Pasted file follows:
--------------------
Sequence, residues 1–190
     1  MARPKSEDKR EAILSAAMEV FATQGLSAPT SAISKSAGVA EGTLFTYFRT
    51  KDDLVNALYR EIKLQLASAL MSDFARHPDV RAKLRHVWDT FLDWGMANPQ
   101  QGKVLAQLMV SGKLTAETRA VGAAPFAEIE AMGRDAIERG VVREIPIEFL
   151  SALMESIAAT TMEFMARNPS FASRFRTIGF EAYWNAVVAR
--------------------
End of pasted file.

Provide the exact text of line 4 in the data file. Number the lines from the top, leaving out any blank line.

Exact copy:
   101  QGKVLAQLMV SGKLTAETRA VGAAPFAEIE AMGRDAIERG VVREIPIEFL